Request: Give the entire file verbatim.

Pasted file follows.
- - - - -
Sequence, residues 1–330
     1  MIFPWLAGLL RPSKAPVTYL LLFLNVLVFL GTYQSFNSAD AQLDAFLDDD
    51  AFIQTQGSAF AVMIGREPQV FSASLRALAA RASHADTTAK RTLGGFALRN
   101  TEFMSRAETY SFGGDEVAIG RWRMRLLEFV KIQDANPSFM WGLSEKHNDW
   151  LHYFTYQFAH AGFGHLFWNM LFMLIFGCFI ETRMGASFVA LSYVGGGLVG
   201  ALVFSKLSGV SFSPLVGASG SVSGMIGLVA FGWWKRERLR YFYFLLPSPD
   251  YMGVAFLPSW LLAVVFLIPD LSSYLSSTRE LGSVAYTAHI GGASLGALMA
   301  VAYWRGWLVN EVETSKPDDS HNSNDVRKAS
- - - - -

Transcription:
Sequence, residues 1–330
     1  MIFPWLAGLL RPSKAPVTYL LLFLNVLVFL GTYQSFNSAD AQLDAFLDDD
    51  AFIQTQGSAF AVMIGREPQV FSASLRALAA RASHADTTAK RTLGGFALRN
   101  TEFMSRAETY SFGGDEVAIG RWRMRLLEFV KIQDANPSFM WGLSEKHNDW
   151  LHYFTYQFAH AGFGHLFWNM LFMLIFGCFI ETRMGASFVA LSYVGGGLVG
   201  ALVFSKLSGV SFSPLVGASG SVSGMIGLVA FGWWKRERLR YFYFLLPSPD
   251  YMGVAFLPSW LLAVVFLIPD LSSYLSSTRE LGSVAYTAHI GGASLGALMA
   301  VAYWRGWLVN EVETSKPDDS HNSNDVRKAS